“Commissioner Reynders is from Belgium, a country founded less than 200 years ago. He is a visitor to Poland, which has a history that dates back over 1,000 years. It is not appropriate to teach us the rule of law for this reason alone” Wójcik stated on Twitter.
The Polish right wing is enamored with historical manipulation, but it is also enamored with displaying primitive stupidity. Its luminaries are fond of unbelievable anecdotes, aphorisms, and fabricated stories that purport to demonstrate
Poland’s supposed civilizational superiority over countries in Europe’s Western hemisphere.
In this context, it is worth recalling an embarrassing incident from 2016, when PiS had been in power for less than a year and had already decided to demonstrate ignorance and buffoonery. Poland sparked a serious international incident at the time by abruptly terminating a contract for the purchase of French-made military helicopters.
In October 2016, then-Deputy Minister of Defense Bartosz Kownacki commented on the French diplomatic retaliation for the Polish authorities’ actions. The French had changed the status of Polish delegations invited to the international arms show Euronaval 2016 from official to unofficial. The Polish delegation was no longer entitled to free lodging and a car with an officer to accompany them. They were unable to participate in the official meeting program.
“[The French — ed.] are people who learned to eat with a fork from us a couple of centuries ago, so maybe that’s why they are behaving this way now,” Kownacki said in an interview with Polish television station TVN.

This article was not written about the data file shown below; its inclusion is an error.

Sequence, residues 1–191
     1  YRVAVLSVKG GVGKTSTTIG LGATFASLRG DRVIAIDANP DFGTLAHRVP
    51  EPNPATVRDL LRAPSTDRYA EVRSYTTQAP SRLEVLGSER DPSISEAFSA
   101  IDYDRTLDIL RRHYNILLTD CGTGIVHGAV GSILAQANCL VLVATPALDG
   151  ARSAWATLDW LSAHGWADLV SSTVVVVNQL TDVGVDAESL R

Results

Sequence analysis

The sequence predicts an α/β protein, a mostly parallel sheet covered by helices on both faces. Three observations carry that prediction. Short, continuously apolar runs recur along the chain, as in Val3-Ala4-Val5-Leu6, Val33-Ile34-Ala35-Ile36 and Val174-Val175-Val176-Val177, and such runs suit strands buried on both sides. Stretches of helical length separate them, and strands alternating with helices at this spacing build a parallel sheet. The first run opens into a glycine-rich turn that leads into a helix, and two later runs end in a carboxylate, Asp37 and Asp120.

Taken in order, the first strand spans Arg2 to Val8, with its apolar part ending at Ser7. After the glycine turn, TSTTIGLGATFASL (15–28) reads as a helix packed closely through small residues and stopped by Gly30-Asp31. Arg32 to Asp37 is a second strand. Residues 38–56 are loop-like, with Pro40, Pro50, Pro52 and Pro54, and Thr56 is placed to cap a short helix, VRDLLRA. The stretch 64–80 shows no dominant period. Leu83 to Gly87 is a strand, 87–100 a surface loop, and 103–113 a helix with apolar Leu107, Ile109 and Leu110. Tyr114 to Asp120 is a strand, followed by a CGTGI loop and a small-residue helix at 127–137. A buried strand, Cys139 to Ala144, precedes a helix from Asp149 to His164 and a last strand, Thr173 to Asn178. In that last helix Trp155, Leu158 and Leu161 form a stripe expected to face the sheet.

Aside from the arrogance and infantilism displayed by the Polish minister in this manner, it should be noted that forks arrived in Western Europe and Poland around the same time. Actually, historical evidence supports the opposite thesis, namely that they appeared in the West shortly before in the areas that are now Poland.
As a result, Kownacki’s insult fell flat, and the phrase “teaching the French to eat with forks” has become a symbol of arrogance and megalomania in Polish.
And now for some actual history, not the PiS version.
While Belgium as a country with its current name and structure was indeed established in 1830, the history of statehood in these areas dates back much further, to the Roman Empire.
However, various states existed in what is now Belgium, or it was a part of larger state organisms. Since the early Middle Ages, the area that is now Belgium has been one of the most economically developed parts of Europe, if not the entire world, with a vast civilization that includes widely admired works of architecture and art.
Adam Leszczyński, a Polish historian, made the following observation:
Flanders and Wallonia, the two main components of modern-day Belgium, had well-developed state structures long before the establishment of the Piast’s [the first Polish royal dynasty — ed.] state in the 10th century. Prior to that, the territories of modern-day Belgium were part of developed state organisms such as the Roman Empire (until the 5th century AD) and the Frankish kingdom, which was later succeeded by the Carolingian monarchy. For example, the counts of Flanders have been counted among the original twelve peerages of France — the most important feudal lords of the kingdom — since 862, demonstrating their wealth and power.
Slavic statehood, if it existed at all, was in its infancy in the territories of modern-day Poland at the time.
Photo: (source: The Barricade)